An Abstract Year of the Snake Slithers onto the Stage
Photo by Terry Lin
If you have ever felt a snake coil around your fingers, you know that they feel cool, smooth, and muscular as they ripple over the comparatively simple structure of your joints. By western convention, it is difficult not to see something fiendish in their forked tongues and uncanny eyes and, in Chinese lore, those born in the year of the snake are considered elegant, clever, and perhaps a little wily. However, those expecting reptilian imagery at Year of the Snake, a multimedia work combining the talents of dancer/choreographer Peiling Kao, writer/visual artist Karl Jensen, and musician/composer Jason Hoopes at CounterPULSE November 15-18 would have been disappointed.
The piece is abstract, grounded in the text by Jensen that served as the basis for the movement and music. The writing, as Hoopes confessed, is "dense," and filled with choreographic suggestion, according to Kao. The first rendition of the piece, a seventeen-minute solo, was premiered in Kao's native Taiwan this July. But in keeping with the theme of transition and transformation, they dismantled the solo, breaking the music and the steps into two sections that occupied peripheral units in a seven-part score for four dancers.
Kao began and ended the piece alone upstage right, spinning with her arms pulling and pushing against an unseen skin, always dancing alone to Hoopes's luminous music. She performed her solos like invocations, making the simple into the eloquent in the way she spread her fingers, shivered, joined her palms, swung her arms like pendulums, appeared to push aside a door or a past, drew her first finger carefully across her opposite forearm. That the movement originated in her own body was evident. She danced with sleek articulation, moving sequentially through her skeleton or gathering an impressive stillness about her.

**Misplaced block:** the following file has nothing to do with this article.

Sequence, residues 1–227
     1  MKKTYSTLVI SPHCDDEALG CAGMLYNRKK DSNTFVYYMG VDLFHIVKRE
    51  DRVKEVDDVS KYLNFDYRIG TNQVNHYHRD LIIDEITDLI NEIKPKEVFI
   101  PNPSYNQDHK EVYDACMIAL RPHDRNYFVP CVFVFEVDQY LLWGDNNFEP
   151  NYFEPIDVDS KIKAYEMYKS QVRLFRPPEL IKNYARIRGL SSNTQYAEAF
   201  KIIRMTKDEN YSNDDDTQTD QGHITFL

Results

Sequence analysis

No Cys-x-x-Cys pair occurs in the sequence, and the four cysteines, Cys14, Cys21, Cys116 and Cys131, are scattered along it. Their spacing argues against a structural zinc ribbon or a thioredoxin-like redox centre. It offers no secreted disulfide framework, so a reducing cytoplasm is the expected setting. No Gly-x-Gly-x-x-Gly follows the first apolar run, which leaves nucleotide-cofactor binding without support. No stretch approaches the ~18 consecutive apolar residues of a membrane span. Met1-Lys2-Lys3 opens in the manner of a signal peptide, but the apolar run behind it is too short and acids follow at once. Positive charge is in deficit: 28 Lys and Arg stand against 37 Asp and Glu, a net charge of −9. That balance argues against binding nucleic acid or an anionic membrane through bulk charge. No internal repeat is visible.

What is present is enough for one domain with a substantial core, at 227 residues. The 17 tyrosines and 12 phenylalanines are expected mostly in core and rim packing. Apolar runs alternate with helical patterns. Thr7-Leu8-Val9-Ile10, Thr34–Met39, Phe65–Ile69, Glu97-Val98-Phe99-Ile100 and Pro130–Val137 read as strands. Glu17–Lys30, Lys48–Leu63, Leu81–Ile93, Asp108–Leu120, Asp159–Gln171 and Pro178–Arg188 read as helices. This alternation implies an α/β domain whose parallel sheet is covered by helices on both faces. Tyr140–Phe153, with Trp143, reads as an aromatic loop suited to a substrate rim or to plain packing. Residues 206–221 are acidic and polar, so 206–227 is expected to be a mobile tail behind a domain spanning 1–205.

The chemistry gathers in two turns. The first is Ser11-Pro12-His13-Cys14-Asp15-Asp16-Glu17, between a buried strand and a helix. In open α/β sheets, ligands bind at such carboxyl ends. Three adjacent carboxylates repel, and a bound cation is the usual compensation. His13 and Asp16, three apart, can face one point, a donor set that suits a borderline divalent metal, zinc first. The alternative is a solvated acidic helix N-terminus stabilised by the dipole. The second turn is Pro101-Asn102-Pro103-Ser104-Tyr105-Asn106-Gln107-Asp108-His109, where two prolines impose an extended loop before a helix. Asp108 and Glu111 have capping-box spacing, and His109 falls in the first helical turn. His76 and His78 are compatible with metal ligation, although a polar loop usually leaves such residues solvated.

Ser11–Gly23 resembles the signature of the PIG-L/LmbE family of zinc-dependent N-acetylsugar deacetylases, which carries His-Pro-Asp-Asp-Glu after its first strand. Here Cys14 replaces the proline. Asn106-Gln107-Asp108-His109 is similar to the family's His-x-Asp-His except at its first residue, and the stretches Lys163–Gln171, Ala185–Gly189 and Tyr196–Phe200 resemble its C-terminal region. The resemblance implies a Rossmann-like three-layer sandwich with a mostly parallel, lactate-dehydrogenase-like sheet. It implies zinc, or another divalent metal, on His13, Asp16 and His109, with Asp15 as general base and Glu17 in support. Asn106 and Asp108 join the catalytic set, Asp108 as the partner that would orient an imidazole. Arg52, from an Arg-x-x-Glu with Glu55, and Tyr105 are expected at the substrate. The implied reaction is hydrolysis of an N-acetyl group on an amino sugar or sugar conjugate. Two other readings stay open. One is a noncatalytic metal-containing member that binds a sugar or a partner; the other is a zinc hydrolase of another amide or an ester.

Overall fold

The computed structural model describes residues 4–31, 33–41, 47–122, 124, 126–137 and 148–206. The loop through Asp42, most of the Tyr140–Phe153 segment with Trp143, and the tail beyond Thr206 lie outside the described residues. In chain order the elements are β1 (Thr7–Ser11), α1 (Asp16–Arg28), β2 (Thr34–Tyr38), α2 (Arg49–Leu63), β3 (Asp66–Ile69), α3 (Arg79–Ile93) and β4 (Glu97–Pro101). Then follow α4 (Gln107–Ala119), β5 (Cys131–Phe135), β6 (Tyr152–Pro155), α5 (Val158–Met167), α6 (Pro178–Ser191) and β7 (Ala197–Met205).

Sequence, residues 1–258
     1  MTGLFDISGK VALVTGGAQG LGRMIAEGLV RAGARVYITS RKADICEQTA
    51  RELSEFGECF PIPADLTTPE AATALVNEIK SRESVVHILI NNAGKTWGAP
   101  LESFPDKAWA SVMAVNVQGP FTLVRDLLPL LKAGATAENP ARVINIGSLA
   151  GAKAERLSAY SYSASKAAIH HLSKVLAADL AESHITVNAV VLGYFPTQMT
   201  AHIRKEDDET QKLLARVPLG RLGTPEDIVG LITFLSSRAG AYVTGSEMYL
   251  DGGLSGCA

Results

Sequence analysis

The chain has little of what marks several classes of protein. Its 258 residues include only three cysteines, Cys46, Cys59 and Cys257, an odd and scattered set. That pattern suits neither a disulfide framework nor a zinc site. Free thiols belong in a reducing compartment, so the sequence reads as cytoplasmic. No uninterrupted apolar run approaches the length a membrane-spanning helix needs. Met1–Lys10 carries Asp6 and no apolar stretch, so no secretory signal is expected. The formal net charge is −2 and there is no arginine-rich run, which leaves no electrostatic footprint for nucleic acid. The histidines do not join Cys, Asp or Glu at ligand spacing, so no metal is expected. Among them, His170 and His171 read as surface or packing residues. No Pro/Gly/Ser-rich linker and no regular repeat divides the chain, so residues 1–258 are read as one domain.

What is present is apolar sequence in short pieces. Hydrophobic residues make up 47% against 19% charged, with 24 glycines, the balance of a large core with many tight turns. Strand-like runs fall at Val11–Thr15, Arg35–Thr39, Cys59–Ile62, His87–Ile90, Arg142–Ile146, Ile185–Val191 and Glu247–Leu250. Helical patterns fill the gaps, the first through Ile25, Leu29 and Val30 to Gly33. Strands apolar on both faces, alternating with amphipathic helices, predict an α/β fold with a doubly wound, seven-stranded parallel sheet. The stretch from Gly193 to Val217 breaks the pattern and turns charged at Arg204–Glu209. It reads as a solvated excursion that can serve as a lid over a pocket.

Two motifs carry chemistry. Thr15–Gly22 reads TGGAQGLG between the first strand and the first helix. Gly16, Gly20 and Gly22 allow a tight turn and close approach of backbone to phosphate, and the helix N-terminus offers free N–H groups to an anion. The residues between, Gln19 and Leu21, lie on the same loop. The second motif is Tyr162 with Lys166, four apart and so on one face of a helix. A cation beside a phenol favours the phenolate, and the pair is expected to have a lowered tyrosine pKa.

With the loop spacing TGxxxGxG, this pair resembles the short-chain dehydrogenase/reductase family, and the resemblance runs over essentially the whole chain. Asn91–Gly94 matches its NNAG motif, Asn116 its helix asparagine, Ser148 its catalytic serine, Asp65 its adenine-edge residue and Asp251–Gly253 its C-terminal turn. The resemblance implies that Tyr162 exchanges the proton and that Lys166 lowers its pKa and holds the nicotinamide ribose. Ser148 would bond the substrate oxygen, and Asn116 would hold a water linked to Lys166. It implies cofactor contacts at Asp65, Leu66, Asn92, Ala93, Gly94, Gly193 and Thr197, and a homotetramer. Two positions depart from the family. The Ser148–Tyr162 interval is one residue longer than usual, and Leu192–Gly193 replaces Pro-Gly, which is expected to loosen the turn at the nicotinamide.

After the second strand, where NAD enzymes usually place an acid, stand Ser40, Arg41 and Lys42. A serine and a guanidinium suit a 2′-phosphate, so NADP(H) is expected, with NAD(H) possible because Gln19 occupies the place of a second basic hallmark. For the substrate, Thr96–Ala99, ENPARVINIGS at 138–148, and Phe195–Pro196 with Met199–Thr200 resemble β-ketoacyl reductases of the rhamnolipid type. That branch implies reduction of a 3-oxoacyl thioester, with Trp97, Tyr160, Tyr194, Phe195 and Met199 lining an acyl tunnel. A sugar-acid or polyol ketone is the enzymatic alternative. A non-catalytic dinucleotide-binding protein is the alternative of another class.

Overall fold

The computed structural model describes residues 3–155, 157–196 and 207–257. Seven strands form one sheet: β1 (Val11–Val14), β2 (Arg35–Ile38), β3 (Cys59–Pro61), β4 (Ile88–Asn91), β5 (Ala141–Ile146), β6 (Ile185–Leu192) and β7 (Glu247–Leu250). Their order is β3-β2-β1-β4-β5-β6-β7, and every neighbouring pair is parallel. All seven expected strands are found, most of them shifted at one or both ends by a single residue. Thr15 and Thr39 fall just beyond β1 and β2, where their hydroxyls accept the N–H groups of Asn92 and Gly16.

The three women who entered after her, Kristin Damrow, Janet Das, and Nadia Oka, were well-matched but clearly of a different, more ponderous nature. They danced in twos and threes, occasionally repeating a gesture from Kao's solo, occasionally brushing each other with the palms of their hands in a gesture that might have been caring or aggressive but did not come across as emphatically either. Sometimes the brushing was directed at the self, in the tight small strokes of the obsessive, the hand on the upper quadrant of the thigh, as if to rid the body of an undefined itch.
detail of visual art by Karl Jensen, photo by Irene Hsiao
All were clad in white costumes by Keriann Egeland with black stripes sketched across them, echoing the bars running across Jensen's artwork in the lobby and the projection that occupied the central section of the piece that produced a blurred or obscured vision of the natural. The effect of the costumes on the bare black stage, edged along the back and house right with white walls and house left with a black curtain, was such that the dancers alternately appeared in sharp relief against the background or receded into it. The lighting scheme, by Delayne Medoff, repeatedly plunged the stage into darkness, constantly presenting a midnight and a dawn, a protracted blink of the eye.